The brain may be involved in triggering the life-extending effects of a calorie-restricted diet, new research shows.
Scientists first observed in the 1930s that feeding animals about 30 percent fewer calories than normal extended the animals’ life spans by 30 to 40 percent. The effect emerged in several animal species, including roundworms, mice, dogs, and monkeys, and the cause seemed to be physiological changes in muscle and fat tissues.
But in roundworms, pairs of neurons in the animals’ heads play a critical role too, according to research by Nicholas A. Bishop and Leonard Guarente of the Massachusetts Institute of Technology. Destroying the neurons with a laser prevented calorie restriction from having any effect on the worms’ longevity, the scientists report in the May 31 Nature.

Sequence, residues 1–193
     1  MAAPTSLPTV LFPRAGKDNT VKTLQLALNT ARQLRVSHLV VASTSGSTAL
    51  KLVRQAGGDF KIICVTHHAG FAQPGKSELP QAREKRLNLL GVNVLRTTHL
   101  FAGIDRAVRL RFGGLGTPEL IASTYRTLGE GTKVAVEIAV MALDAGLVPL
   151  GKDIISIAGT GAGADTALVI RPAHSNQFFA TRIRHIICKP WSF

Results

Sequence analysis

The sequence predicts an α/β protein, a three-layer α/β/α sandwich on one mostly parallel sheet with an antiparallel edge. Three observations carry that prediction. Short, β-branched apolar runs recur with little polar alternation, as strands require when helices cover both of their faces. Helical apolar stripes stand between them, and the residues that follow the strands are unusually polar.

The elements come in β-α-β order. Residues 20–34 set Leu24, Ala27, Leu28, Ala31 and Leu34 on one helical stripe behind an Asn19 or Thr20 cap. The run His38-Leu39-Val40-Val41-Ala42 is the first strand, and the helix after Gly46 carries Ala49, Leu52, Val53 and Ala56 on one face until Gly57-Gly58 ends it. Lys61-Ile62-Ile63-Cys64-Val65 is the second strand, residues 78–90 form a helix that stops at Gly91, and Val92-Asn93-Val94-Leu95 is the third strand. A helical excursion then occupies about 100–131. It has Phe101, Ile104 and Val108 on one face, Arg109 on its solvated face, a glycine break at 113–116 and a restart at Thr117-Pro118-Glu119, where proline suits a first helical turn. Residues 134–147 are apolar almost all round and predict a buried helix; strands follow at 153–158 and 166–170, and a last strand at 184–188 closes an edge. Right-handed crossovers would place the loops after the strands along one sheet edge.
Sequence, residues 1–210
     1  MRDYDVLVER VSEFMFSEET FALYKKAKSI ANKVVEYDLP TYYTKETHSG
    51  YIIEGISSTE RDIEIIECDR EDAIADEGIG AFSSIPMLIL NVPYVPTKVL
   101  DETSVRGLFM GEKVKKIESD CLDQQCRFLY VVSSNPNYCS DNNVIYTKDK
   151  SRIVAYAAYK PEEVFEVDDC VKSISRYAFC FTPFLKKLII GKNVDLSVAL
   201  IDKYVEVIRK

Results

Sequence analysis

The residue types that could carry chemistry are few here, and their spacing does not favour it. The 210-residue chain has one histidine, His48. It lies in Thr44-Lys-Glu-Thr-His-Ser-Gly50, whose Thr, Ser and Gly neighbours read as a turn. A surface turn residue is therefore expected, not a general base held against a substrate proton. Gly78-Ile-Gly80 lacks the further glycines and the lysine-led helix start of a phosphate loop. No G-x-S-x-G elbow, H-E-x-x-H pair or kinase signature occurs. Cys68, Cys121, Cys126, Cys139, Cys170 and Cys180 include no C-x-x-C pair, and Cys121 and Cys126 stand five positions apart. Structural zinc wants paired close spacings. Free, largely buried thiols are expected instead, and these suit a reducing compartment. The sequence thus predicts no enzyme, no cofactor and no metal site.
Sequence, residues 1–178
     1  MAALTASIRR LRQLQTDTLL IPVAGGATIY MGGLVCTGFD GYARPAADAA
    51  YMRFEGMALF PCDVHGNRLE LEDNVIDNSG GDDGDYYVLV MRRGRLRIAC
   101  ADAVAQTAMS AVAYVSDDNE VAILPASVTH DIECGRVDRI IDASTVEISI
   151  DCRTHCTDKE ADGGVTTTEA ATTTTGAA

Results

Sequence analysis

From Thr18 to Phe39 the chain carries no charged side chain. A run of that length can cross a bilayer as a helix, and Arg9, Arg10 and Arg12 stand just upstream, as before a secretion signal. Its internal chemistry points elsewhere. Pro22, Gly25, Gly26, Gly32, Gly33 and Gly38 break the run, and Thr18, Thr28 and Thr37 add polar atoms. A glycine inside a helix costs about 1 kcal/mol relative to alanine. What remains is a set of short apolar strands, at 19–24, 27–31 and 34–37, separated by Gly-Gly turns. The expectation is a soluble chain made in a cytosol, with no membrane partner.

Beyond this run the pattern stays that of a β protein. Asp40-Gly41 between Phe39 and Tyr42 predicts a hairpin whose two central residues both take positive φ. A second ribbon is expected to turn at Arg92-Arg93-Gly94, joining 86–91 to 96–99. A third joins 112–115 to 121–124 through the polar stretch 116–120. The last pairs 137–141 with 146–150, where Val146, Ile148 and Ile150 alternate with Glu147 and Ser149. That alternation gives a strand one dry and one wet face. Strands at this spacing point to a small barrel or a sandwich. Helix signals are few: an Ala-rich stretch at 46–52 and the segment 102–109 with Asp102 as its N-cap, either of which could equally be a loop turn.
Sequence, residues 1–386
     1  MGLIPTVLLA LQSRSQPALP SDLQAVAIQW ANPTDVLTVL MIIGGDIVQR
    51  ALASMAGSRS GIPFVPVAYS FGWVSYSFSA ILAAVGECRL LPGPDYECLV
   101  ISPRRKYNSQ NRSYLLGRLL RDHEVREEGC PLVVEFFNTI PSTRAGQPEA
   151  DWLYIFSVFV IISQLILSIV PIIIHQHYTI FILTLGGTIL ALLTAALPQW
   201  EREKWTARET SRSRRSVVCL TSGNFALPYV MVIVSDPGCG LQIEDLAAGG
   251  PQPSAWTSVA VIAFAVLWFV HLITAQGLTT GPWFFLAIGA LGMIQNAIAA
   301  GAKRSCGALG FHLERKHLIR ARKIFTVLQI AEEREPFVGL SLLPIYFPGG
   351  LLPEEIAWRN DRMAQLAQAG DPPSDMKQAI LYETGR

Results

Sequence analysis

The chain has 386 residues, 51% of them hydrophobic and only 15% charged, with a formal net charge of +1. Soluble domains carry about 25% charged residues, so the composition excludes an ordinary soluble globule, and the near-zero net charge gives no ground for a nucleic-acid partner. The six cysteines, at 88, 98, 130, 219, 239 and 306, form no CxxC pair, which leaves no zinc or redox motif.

“It’s the first indication that the brain is going to send that initial signal for longevity in response to calorie restriction,” Guarente says. He adds that his team’s next step is to determine whether hormones released by these neurons are responsible for the longevity effect.
The human brain area comparable to these neurons is the hypothalamus, Guarente says. However, life extension from calorie restriction has never been unambiguously demonstrated in people.